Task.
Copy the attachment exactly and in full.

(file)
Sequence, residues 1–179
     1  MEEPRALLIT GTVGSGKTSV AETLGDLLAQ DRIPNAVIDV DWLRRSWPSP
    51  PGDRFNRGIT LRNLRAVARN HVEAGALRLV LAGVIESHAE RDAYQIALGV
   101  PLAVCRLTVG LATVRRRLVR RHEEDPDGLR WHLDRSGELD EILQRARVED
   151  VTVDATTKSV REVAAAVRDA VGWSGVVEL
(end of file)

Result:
Sequence, residues 1–179
     1  MEEPRALLIT GTVGSGKTSV AETLGDLLAQ DRIPNAVIDV DWLRRSWPSP
    51  PGDRFNRGIT LRNLRAVARN HVEAGALRLV LAGVIESHAE RDAYQIALGV
   101  PLAVCRLTVG LATVRRRLVR RHEEDPDGLR WHLDRSGELD EILQRARVED
   151  VTVDATTKSV REVAAAVRDA VGWSGVVEL